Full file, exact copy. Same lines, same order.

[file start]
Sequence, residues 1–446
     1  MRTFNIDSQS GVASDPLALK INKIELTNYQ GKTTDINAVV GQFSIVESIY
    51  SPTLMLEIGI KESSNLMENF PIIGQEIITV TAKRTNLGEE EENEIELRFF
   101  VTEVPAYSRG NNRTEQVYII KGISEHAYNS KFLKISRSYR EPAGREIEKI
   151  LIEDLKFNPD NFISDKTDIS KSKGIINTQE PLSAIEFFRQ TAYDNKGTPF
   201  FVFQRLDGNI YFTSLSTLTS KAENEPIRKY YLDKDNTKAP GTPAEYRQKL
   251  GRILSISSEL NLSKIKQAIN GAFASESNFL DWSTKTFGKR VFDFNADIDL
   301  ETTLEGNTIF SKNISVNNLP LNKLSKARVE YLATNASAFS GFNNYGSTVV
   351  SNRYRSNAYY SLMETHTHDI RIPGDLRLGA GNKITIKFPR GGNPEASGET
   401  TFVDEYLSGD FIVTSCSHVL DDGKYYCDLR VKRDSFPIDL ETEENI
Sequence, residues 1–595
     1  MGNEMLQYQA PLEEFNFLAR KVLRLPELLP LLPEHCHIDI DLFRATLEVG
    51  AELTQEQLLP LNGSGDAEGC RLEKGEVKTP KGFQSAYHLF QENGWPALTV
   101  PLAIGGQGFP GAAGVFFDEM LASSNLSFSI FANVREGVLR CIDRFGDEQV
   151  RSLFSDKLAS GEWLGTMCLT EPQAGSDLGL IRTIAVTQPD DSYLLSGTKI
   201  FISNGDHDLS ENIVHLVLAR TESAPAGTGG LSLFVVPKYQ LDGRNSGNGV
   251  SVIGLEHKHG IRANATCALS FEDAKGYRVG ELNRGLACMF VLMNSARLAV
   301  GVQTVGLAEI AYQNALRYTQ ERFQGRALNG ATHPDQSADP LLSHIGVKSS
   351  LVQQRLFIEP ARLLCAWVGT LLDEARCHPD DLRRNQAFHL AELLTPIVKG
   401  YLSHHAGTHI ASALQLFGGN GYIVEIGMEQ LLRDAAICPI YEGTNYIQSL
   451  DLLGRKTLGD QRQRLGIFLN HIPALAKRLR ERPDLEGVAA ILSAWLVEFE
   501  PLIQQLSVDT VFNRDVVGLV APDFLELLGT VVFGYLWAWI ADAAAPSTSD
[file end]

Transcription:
Sequence, residues 1–446
     1  MRTFNIDSQS GVASDPLALK INKIELTNYQ GKTTDINAVV GQFSIVESIY
    51  SPTLMLEIGI KESSNLMENF PIIGQEIITV TAKRTNLGEE EENEIELRFF
   101  VTEVPAYSRG NNRTEQVYII KGISEHAYNS KFLKISRSYR EPAGREIEKI
   151  LIEDLKFNPD NFISDKTDIS KSKGIINTQE PLSAIEFFRQ TAYDNKGTPF
   201  FVFQRLDGNI YFTSLSTLTS KAENEPIRKY YLDKDNTKAP GTPAEYRQKL
   251  GRILSISSEL NLSKIKQAIN GAFASESNFL DWSTKTFGKR VFDFNADIDL
   301  ETTLEGNTIF SKNISVNNLP LNKLSKARVE YLATNASAFS GFNNYGSTVV
   351  SNRYRSNAYY SLMETHTHDI RIPGDLRLGA GNKITIKFPR GGNPEASGET
   401  TFVDEYLSGD FIVTSCSHVL DDGKYYCDLR VKRDSFPIDL ETEENI
Sequence, residues 1–595
     1  MGNEMLQYQA PLEEFNFLAR KVLRLPELLP LLPEHCHIDI DLFRATLEVG
    51  AELTQEQLLP LNGSGDAEGC RLEKGEVKTP KGFQSAYHLF QENGWPALTV
   101  PLAIGGQGFP GAAGVFFDEM LASSNLSFSI FANVREGVLR CIDRFGDEQV
   151  RSLFSDKLAS GEWLGTMCLT EPQAGSDLGL IRTIAVTQPD DSYLLSGTKI
   201  FISNGDHDLS ENIVHLVLAR TESAPAGTGG LSLFVVPKYQ LDGRNSGNGV
   251  SVIGLEHKHG IRANATCALS FEDAKGYRVG ELNRGLACMF VLMNSARLAV
   301  GVQTVGLAEI AYQNALRYTQ ERFQGRALNG ATHPDQSADP LLSHIGVKSS
   351  LVQQRLFIEP ARLLCAWVGT LLDEARCHPD DLRRNQAFHL AELLTPIVKG
   401  YLSHHAGTHI ASALQLFGGN GYIVEIGMEQ LLRDAAICPI YEGTNYIQSL
   451  DLLGRKTLGD QRQRLGIFLN HIPALAKRLR ERPDLEGVAA ILSAWLVEFE
   501  PLIQQLSVDT VFNRDVVGLV APDFLELLGT VVFGYLWAWI ADAAAPSTSD